Article Index

1. Instruments

Transits, theodolites, and total stations are an evolutionary family. Although newer instrument types replaced older, their uses often overlapped as adoption took place. Because their measurement functions are fundamentally the same, they are subject to similar instrumental errors and compensation methods. The more sophisticated later instruments have fewer user-accessible adjustments by design and use electronics to digitally compensate some maladjustments.

a. Transit

A traditional transit, Figure G-1, is an open design instrument with four leveling screws. Its adjusting screws are easily accessible and most of its moving parts, including the angle reading system, are exposed. This open exposure leads to faster wear and more frequent maladjsutment. 

Figure G-1
Transit


Transits are obsolete, used primarily for shelf display so they are not covered in this chapter. Most of their checks and adjustments parallel a theodolite's but if demands warrant, I can create a separate chapter for transits.

b. Theodolite

A theodolite, Figure G-2, is an enclosed design with an optical reading system and three leveling screws. Most adjusting screws are are under covers or otherwise protected and its moving parts are better sealed than a transit's. When carefully used, a theodolite is less susceptible to maladjustment than a transit.   

Figure G-2
Theodolite

Theodolites were produced for a broad spectrum of needs, from construction to high accuracy control surveys, resulting in models with different capabilities and controls. Some had a separate bubble for manual vertical circle orientation, others an automatic gravity-actuated circle. A repeating theodolite used an upper and lower horizontal circle lock and slow-motion, a directional theodolite only a single lock/slow-motion assembly. Early theodolites were analog instruments with an optical angle reading system; later instruments were digital.

Except for vertical circle orientation, primary theodolite checks and adjustments are similar across different models. Those unique to a particular instrument are explained in the instrument's manual.  

c. Total Station

A total station instrument (TSI), Figure G-3, shares mechanical characteristics, including enclosed design and three leveling screws, with a theodolite.  A TSI uses a digital angle reading systems and incorporates an electronic distance measurement (EDM) capability. Most TSIs also have the ability to self-correct some instrument maladjustment conditions.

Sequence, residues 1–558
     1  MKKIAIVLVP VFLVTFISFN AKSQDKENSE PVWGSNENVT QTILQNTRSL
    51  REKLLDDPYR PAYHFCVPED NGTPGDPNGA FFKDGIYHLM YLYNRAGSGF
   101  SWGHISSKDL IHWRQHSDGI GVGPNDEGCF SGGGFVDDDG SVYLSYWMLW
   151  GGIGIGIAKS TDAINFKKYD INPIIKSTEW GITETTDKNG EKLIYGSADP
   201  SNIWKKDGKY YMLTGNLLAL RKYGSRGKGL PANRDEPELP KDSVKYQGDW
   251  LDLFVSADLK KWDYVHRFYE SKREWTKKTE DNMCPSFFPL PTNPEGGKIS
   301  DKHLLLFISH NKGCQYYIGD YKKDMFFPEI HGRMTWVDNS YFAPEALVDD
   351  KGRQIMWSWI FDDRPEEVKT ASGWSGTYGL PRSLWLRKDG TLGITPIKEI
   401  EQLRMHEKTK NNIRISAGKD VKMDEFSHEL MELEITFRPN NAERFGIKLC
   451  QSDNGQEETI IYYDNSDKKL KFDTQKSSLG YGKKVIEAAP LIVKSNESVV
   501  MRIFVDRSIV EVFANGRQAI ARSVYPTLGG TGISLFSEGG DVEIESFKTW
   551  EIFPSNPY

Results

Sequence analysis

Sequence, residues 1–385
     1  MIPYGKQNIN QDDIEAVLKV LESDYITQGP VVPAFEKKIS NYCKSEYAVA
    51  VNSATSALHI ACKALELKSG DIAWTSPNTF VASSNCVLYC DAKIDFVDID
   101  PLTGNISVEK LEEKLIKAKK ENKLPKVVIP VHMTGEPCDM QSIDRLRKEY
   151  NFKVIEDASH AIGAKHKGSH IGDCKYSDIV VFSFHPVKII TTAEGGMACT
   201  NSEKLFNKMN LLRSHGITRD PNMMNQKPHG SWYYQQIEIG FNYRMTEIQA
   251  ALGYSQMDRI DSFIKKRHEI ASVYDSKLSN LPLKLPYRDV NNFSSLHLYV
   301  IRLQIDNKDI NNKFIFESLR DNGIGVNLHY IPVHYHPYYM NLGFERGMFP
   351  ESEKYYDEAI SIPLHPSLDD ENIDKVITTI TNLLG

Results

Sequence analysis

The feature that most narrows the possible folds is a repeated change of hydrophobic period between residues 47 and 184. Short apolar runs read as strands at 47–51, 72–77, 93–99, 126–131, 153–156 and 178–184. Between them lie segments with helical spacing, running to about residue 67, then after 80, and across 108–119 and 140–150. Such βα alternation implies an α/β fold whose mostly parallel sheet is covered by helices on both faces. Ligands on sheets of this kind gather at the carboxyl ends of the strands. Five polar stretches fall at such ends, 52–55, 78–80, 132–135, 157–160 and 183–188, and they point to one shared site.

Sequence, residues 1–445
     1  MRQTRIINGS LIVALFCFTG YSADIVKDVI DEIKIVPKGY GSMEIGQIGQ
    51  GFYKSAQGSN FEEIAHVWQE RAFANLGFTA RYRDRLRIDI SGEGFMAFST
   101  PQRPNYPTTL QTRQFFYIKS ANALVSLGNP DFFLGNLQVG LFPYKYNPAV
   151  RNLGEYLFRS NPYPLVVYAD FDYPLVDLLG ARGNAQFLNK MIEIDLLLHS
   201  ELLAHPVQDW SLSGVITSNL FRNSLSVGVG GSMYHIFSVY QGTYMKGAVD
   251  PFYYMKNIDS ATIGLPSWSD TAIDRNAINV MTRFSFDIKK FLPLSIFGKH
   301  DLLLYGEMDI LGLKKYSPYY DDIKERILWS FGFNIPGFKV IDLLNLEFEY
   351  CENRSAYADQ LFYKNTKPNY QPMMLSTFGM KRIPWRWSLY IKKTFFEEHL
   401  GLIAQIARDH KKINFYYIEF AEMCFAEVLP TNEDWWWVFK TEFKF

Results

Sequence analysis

Figure G-3
Total Station


Many theodolite maladjustment are the same for TSIs. Digital and electronic systems, particularly those with no TSI equivalent, require specific checks. These are detailed in an instrument's manual. Because they have similar parts and controls, theodolite and  TSI checks are combined; those specific to one or the other are called out.

A modern TSI compensation system measures axes tilts and corrects angle measurements accordingly. A particular TSI may use a single axis system which corrects only zenith/vertical angles for axis tilt or a dual-axis system which also corrects horizontal angles errors caused by axes tilt.

That's not to say a TSI's compensation system is infallible. As with any other adjustment aspect of the TSI, the compensation system shouldn't presumed to be without error. While an automatic level's compensator is relatively easy and quick to check, those of a TSI are more complex. The instrument's manual will have information on its compensation system, its sensitivity, and how to check that it is working correctly. Not all TSIs use the same compensation design, even from the same manufacturer, so procedures in the manual should be followed.

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